Vulnerability, Resilience, and Resistance: A Theology of Divine Love Restricted; Files & ToC

Gandolfo, Elizabeth O'Donnell (2013)

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This dissertation is a constructive theological project that lays out structures of the human condition that dispose humanity to vulnerability, suffering, and redemption. In this sense it participates in the methods of both fundamental and liberation theologies. I argue that the human condition is essentially vulnerable; that there is a dynamic, causal relationship between vulnerability, anxiety, and violence; and that divine love offers human beings existential and practical resources for redemption, experienced as resilience and resistance.

The project is divided into two parts. The first half of the dissertation is an analysis of human vulnerability and its relationship with anxiety, egocentrism, privilege, and violence. Here I posit that the fundamental dimensions of human life that make created existence and happiness possible also threaten the human telos by exposing us to pain and suffering. The anxiety surrounding suffering often causes human beings to collectively mismanage vulnerability in systems of privilege, which exacerbates the problem of vulnerability and leads to greater anxiety and violence. This analysis of the human condition lays the foundation for the theological heart of the dissertation, in which I argue that divine love responds to vulnerability by empowering human beings with resources needed for resilience in the face of harm and resistance to violence and oppression. This redemptive power of divine love has a Trinitarian structure to it, offering 1) the invulnerable power of preservative love, 2) the power-in-vulnerability of solidarity with the human condition, and 3) empowerment for creative transformation in the Spirit of holy longing for abundant life. The project concludes with an analysis of three practices that have the potential to nurture the growth of divine love in Christians, and human beings in general: dangerous memory of suffering, contemplative kenosis, and solidarity.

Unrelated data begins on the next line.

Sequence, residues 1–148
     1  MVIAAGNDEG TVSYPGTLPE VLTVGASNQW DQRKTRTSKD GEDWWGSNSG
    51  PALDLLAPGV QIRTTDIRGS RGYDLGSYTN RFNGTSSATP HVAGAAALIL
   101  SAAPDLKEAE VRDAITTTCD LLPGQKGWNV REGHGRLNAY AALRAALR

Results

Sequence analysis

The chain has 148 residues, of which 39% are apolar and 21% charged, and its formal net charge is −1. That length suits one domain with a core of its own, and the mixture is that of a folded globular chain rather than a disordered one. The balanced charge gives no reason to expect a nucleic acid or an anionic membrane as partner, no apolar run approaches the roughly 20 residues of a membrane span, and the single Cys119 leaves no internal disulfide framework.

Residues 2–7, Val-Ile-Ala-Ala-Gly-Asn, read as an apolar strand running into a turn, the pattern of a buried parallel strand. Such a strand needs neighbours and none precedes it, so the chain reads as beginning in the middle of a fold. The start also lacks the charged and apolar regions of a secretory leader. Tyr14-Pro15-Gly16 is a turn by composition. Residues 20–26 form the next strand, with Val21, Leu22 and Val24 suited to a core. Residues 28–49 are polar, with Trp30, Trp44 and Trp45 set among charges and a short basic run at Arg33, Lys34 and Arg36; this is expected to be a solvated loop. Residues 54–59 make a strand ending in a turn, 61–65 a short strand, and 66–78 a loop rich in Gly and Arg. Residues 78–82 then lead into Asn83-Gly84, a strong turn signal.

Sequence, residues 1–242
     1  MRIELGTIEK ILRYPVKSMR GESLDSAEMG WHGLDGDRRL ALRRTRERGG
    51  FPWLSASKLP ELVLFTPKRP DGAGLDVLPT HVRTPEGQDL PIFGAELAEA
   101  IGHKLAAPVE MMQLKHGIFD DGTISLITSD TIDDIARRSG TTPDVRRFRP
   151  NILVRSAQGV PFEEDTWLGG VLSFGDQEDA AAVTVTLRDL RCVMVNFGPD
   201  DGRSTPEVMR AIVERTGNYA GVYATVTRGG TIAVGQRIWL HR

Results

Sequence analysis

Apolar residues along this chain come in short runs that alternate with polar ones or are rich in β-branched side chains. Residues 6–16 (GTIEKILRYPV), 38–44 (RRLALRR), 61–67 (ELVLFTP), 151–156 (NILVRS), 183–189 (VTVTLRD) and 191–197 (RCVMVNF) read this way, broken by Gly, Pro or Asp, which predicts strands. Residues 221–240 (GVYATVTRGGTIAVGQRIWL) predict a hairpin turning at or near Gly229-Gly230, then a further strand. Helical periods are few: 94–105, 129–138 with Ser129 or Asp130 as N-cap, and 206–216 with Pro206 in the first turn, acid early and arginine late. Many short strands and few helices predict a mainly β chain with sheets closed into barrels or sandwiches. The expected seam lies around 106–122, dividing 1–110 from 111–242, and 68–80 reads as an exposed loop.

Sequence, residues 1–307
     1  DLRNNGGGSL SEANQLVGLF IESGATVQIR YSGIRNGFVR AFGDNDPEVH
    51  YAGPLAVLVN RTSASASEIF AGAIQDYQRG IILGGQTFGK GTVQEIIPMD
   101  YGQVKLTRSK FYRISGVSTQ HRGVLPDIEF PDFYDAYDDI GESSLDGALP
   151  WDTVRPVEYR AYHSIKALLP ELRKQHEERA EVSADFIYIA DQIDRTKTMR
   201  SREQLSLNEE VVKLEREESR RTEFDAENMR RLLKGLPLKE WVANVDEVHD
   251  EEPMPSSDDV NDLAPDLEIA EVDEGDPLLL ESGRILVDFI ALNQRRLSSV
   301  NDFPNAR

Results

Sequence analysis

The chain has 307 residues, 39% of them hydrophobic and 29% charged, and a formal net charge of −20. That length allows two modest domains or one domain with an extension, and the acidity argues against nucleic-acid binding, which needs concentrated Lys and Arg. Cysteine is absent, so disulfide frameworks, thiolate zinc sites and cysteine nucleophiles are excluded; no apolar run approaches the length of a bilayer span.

Throughout the dissertation, my argument is informed by women's diverse and multi-faceted experiences of maternity and natality. I place maternal narratives and practices in mutually critical conversation with Scripture, historical theology, feminist theology, philosophy, and ethics. Drawing on these sources, my constructive proposal suggests that vulnerability is both the site of our deepest wounds and the condition for the possibility of experiencing redemption.

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